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Lower risk of knee injury for female athletes taking the pill

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Female athletes who take oral contraceptives are less likely to suffer serious knee injuries, according to a US study.

Researchers from the University of Texas Medical Branch at Galveston analysed a national insurance claims and prescription database of 23,428 young women aged between 15 and 19. They found that women with an ACL (anterior cruciate ligament) injury who were taking the birth control pill were less likely to need corrective surgery than women of the same age with ACL injuries who did not use the pill.

It´s thought that the female hormone oestrogen makes women more vulnerable to ACL injury by weakening this ligament. Previous research has shown that more ACL injuries in women occur during the points of their menstrual cycle when oestrogen levels are high.

“Birth control pills help maintain lower and more consistent levels of oestrogen, which may prevent periodic ACL weakness,” explained lead author and MD-PhD student Aaron Gray. “With this in mind, we examined whether oral contraceptive use protected against ACL injuries that require surgery in women.”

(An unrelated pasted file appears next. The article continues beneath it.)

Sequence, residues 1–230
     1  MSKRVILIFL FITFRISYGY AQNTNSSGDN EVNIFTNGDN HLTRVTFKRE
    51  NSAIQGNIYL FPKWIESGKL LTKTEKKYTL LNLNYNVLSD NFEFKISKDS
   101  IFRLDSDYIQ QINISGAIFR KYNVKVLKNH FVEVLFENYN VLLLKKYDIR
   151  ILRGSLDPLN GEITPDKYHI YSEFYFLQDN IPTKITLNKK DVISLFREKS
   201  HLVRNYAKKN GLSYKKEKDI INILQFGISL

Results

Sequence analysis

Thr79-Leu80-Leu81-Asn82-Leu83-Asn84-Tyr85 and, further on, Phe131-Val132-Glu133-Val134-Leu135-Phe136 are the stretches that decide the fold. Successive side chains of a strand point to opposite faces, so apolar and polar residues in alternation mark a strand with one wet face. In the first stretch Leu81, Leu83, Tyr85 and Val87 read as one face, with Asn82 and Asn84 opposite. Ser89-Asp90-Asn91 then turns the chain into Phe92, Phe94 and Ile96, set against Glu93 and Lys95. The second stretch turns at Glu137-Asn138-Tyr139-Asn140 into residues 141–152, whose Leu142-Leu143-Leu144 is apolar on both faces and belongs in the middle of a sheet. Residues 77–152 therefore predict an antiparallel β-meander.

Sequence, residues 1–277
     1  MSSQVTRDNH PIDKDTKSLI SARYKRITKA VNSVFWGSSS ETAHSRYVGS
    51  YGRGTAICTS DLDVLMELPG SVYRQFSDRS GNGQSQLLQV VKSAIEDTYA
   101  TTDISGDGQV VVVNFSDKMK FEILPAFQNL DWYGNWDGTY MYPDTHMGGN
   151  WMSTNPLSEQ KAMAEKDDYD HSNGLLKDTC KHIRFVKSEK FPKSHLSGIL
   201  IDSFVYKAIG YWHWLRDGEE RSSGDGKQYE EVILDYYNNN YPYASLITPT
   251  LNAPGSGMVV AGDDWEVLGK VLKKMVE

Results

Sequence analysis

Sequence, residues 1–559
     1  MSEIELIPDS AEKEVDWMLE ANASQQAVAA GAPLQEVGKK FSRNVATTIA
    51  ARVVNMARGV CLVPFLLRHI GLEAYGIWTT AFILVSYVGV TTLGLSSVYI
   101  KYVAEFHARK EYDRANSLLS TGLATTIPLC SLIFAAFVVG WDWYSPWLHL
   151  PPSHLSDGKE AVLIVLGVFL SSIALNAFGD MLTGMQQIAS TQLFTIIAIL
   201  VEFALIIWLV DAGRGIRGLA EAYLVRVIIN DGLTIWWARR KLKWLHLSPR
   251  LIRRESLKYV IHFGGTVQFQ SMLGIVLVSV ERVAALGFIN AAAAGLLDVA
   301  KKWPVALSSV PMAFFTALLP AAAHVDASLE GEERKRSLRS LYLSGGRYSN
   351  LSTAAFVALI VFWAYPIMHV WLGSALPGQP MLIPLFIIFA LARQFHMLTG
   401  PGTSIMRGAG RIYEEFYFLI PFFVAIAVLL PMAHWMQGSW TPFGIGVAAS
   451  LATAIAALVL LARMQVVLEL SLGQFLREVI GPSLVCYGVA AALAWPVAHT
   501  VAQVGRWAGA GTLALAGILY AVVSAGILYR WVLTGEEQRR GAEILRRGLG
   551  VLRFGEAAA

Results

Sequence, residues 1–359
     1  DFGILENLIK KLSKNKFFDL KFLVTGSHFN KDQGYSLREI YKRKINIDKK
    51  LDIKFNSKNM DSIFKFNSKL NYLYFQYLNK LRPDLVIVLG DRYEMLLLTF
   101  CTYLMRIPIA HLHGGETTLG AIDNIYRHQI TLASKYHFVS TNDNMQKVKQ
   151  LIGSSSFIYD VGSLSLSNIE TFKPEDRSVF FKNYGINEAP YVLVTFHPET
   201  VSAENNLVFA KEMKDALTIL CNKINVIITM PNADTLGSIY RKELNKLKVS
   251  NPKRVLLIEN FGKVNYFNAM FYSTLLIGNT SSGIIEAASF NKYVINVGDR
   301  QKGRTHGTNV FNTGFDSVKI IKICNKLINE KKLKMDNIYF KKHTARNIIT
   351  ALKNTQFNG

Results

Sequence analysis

The study showed that women aged 15-19 years in need of ACL reconstructive surgery, the age group with the highest rates of ACL injuries by a wide margin, were 22% less likely to be using the birth control pill than non-injured women of the same age.

Gray added that puberty might explain the high number of ACL injury cases in young women of this age. That´s because puberty brings a sharp rise in oestrogen levels as well as growth spurts in the legs. Following one of these growth spurts, it takes time for a young person to develop good co-ordination with their newly elongated limbs.

“Young athletes currently use birth control pills for various reasons including more predictable cycles and lighter periods,” Gray pointed out. “Injury risk reduction could potentially be added to that list with further, prospective investigations.”

The findings of the study have been published in Medicine & Science in Sports & Exercise, the official journal of the American College of Sports Medicine.